Maintaining Resilience in Covid Time
Feeling frustrated with plans on hold or overturned? Even in normal time, everything takes so much longer than we expect it to. In this time of Covid, make it a double.
And depending on how you manage this time, waiting it out can make you feel like a failure.
I woke up this rainy Monday morning to a one-two punch. It all happened over email. First I learned I wasn’t going to get my $250 deposit back after having to cancel my family Thanksgiving plans, then I opened the results of my most recent e-newsletter to find 23 unsubscribes.
It was enough to trigger my go-to story of stuckness. “It’s taking so long to build my coaching practice. Maybe I’m just not good enough.”
I felt so defeated as I shared my story with my sister, the one about always losing money and never getting traction on my business. Finally after a few rebalancing practices, I began to put things into perspective.
As we navigate the long, messy middle of change, those emotional triggers will release your story of stuckness. The one where you’re unable to meet your goals or get your needs met. And now more than ever, the changes we’re enduring as a result of Covid suck us in.
Almost every client I work with shares this frustration. It comes in the form of;
Why isn’t my business growing?
Why don’t I have a job yet?
How can my body look no different when I’ve been working my ass off for the past month?
How is everyone else doing so well during this nightmare?
What’s wrong with me?
When you’re triggered by things either going wrong or going nowhere, it’s hard NOT to fall into the story trap. The one that gets your anxiety up.
The problem is, this script ultimately turns the normal time it takes for change to happen into a flaw in your personhood. Remember, everything takes longer than we think it will.
We’re hardwired to react to a triggering event with a fight, flight, freeze stress response, like I did this morning. So it’s from this high anxiety state that we interpret what happened and why. Unfortunately, this all plays out so quickly we have no time to stop that old story of self-blame and stuckness from unfolding like it did for me this morning.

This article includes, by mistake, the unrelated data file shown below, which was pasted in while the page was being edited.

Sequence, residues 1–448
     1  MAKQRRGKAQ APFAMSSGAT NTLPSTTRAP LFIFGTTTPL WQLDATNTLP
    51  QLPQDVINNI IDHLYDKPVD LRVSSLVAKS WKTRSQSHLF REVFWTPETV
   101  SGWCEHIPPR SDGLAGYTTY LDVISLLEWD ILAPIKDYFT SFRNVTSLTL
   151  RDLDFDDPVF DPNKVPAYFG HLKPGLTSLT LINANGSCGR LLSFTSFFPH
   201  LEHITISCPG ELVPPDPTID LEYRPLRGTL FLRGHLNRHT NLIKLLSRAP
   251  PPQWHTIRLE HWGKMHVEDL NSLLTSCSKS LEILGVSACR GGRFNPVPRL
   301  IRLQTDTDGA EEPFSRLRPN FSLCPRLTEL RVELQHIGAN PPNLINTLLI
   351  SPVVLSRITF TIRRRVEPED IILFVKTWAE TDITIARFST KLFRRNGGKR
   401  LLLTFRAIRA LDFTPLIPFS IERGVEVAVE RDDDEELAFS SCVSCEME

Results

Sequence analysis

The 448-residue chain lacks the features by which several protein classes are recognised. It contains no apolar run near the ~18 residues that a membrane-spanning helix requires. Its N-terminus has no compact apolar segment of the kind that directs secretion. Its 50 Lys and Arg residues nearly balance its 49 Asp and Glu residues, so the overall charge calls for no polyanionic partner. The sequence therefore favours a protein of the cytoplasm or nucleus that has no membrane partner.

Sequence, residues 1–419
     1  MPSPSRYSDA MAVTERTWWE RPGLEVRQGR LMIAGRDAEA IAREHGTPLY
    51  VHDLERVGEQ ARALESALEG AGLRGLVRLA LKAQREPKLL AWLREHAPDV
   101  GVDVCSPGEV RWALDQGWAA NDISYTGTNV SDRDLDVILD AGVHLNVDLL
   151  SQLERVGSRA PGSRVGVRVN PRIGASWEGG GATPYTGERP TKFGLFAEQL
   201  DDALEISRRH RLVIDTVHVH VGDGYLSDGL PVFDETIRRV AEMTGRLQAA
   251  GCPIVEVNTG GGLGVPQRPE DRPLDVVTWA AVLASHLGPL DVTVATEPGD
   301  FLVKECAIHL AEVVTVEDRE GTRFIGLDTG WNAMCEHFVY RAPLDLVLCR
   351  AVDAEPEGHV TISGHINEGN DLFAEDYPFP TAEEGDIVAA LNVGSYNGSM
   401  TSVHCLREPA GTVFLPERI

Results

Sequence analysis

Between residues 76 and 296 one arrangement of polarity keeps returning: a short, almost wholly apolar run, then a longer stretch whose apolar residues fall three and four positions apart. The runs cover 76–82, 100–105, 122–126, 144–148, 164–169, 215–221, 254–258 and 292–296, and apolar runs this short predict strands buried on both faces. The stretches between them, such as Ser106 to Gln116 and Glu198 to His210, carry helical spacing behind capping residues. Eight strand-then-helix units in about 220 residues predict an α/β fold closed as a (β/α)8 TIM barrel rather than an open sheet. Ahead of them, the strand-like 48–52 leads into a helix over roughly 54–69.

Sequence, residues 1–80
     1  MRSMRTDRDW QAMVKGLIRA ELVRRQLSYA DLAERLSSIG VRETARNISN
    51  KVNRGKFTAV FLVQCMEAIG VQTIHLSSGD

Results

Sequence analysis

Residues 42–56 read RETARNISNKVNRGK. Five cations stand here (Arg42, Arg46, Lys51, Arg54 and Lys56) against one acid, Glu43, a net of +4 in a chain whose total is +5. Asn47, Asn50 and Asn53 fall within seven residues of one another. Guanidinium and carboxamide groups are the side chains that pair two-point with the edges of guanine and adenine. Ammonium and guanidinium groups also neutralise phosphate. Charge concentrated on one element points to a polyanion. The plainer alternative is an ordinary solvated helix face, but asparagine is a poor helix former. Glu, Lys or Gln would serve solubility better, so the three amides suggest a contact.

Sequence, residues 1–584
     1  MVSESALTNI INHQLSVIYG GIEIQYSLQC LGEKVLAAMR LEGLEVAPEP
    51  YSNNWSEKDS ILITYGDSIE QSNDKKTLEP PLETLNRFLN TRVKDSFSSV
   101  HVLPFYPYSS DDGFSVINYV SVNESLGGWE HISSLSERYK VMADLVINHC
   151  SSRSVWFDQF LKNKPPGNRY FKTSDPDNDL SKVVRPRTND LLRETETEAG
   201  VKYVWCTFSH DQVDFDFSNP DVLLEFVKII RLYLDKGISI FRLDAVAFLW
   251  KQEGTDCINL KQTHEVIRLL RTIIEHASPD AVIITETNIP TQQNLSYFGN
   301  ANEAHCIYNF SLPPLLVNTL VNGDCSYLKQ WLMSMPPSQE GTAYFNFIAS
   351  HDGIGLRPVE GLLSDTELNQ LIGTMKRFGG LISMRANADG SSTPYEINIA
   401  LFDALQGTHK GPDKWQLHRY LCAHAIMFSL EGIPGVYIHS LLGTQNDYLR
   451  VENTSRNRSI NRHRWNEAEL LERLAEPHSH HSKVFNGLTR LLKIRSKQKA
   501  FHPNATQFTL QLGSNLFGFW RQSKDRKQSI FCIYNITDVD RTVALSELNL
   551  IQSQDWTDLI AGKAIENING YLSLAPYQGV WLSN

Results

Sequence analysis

1. Once I used some favorite stress management techniques, I was able to think of a different approach to my challenges. With the stress response de-activated, I could put things in perspective; although I have had some unfortunate short-term rental experiences I don’t frequently lose money. I’ll make sure to be more aware of the fine print next time.
And I’m shifting direction in my coaching and my newsletters to a more whole-person approach to transition. Some people are not interested in that approach, so of course they’ll unsubscribe.
2. I reviewed all the things I have accomplished. I have to remind myself weekly that this new shift takes time, and to remember to reward the effort and build my resilience to stay the course.
Studies show you can manage the release of a neurotransmitter known as dopamine when we anticipate a reward, which is how we stay motivated.
Yet in the face of long-term goals, you’re putting in the work but the reward is too out of sight to trigger this response. This is when it burnout happens and you’re tempted to give up entirely.
Fortunately, you can anticipate this challenge and use recognition and positive feedback to reward the process along the way instead of waiting for the outcome. Your goals may be very distant, but you can manage our dopamine levels to stay motivated over the long haul.
If you know it takes an average number of months or weeks to land a new job, drop a dress size, or get your business off the ground, give yourself double that time, not so you’ll slow down your efforts but so you’ll be able to stay the course. Reward your progress along the way by sharing it with others or treating yourself in a way that aligns with your goals.
Now more than ever, we need to build our resilience to stay the course. So use your tools, stay the course and you’ll emerge from this Covid time warp that much closer to your goals.